Rinsho Shinkeigaku (Clinical Neurology)

Brief Clinical Note

Intravenous immunoglobulin-induced thrombocytopenia in patient with chronic inflammatory demyelinating polyneuropathy

Takeo Sato, M.D.1), Shusaku Omoto, M.D., Ph.D.1), Asako Onda, M.D.1), Kenichiro Sakai, M.D., Ph.D.1), Hidetaka Mitsumura, M.D., Ph.D.1) and Yasuyuki Iguchi, M.D., Ph.D.1)

1)Department of Neurology, The Jikei University School of Medicine

A 69-year-old man was admitted to our hospital because of dysesthesia in right palm and left upper limb, gait disturbance, and muscle weakness in both lower limbs. At the same time of neurological impairment appeared, he developed pemphigoid. Lumber MRI showed swelling of cauda equina nerve root. We diagnosed as chronic inflammatory demyelinating polyneuropathy based on an electrophysiological examination, and 2 courses of intravenous immunoglobulin therapy (IVIG) were initiated. After the treatments, symptoms improved immediately. However, thrombocytopenia was seen after each treatment which began on the second day of treatment start, reaching the lowest point from about 10 to 14 days, and improved naturally from 10 to 15 days after the end of IVIG. Difficulty in hemostasis was seen during dialysis due to thrombocytopenia. As a cause of thrombocytopenia, formation of IgG-platelet complexes could be considered, and the presence of multiple inflammatory diseases which activated Fcγ receptors play key roles could be a risk for IVIG related thrombocytopenia.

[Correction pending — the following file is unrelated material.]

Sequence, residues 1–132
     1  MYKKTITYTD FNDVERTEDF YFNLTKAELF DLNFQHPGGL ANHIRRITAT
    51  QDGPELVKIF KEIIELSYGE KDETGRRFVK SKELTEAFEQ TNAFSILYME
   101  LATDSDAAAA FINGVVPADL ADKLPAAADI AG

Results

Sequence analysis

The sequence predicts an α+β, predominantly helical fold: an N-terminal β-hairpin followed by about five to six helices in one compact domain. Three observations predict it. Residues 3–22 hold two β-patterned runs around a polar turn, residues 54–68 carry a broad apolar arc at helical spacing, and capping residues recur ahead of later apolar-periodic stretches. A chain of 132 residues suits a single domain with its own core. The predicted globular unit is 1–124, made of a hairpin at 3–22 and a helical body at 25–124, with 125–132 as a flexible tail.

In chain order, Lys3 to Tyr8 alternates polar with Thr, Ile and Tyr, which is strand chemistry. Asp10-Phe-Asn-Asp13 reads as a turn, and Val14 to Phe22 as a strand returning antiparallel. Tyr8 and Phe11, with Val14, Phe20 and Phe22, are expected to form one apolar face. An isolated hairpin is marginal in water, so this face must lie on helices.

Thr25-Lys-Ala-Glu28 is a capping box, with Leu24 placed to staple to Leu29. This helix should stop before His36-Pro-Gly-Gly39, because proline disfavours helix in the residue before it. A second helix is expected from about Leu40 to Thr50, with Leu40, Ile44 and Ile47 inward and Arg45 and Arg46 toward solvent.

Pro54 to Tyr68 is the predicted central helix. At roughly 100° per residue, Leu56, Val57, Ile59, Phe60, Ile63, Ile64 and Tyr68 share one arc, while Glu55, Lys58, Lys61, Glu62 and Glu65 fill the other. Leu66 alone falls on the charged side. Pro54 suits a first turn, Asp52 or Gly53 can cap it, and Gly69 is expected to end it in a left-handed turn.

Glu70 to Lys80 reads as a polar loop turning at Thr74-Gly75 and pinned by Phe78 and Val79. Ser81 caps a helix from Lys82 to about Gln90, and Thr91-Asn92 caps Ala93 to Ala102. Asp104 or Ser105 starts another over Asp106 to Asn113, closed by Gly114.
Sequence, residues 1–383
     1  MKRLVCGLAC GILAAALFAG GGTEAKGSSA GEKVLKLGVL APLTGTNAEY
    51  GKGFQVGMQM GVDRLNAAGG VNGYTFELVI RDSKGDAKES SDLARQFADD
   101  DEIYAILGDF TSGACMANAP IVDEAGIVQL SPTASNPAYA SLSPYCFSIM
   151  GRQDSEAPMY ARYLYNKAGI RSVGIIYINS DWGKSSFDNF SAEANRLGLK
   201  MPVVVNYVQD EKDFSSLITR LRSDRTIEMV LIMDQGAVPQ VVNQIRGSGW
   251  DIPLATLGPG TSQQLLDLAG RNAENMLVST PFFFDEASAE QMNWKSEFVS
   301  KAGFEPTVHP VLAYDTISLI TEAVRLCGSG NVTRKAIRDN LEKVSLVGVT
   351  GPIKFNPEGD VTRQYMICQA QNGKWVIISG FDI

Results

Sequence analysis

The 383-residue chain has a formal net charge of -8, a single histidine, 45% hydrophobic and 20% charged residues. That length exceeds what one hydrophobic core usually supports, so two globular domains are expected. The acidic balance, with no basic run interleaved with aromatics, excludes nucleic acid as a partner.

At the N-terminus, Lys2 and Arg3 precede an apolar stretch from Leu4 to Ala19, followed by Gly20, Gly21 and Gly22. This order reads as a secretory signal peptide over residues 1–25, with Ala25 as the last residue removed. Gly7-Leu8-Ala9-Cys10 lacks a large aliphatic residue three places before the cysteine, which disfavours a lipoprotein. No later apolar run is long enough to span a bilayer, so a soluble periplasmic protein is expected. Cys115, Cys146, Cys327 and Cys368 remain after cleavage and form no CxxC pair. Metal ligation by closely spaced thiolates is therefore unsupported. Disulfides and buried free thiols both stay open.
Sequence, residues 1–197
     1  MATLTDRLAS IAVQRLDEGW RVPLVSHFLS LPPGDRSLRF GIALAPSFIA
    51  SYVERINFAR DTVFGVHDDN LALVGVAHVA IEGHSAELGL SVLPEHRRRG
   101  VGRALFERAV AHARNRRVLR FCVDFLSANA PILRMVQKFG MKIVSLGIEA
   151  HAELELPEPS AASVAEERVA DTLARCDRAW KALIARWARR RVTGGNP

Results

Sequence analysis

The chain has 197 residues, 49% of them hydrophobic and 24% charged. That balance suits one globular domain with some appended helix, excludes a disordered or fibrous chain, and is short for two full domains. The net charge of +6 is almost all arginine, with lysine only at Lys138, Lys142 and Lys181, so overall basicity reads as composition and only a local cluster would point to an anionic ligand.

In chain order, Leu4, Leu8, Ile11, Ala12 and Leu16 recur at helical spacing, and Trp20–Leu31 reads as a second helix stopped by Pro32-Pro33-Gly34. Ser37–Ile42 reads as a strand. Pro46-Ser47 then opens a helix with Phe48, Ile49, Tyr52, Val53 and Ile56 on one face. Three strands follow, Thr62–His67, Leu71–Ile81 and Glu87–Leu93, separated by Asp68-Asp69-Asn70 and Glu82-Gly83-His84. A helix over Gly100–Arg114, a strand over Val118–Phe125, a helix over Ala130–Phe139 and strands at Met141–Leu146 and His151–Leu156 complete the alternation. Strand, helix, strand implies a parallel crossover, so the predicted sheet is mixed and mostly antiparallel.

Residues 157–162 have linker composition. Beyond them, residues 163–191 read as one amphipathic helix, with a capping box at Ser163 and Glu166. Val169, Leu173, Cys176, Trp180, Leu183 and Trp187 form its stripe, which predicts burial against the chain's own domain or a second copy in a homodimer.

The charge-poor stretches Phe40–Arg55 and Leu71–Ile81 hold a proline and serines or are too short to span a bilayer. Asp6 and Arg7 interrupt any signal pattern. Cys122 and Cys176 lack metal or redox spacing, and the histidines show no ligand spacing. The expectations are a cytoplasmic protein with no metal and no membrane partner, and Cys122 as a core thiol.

Full Text of this Article in Japanese PDF (369K)

(CLINICA NEUROL, 60: 57|59, 2020)
key words: chronic inflammatory demyelinating polyneuropathy, intravenous immunoglobulin therapy, thrombocytopenia, side effect

(Received: 20-Jun-19)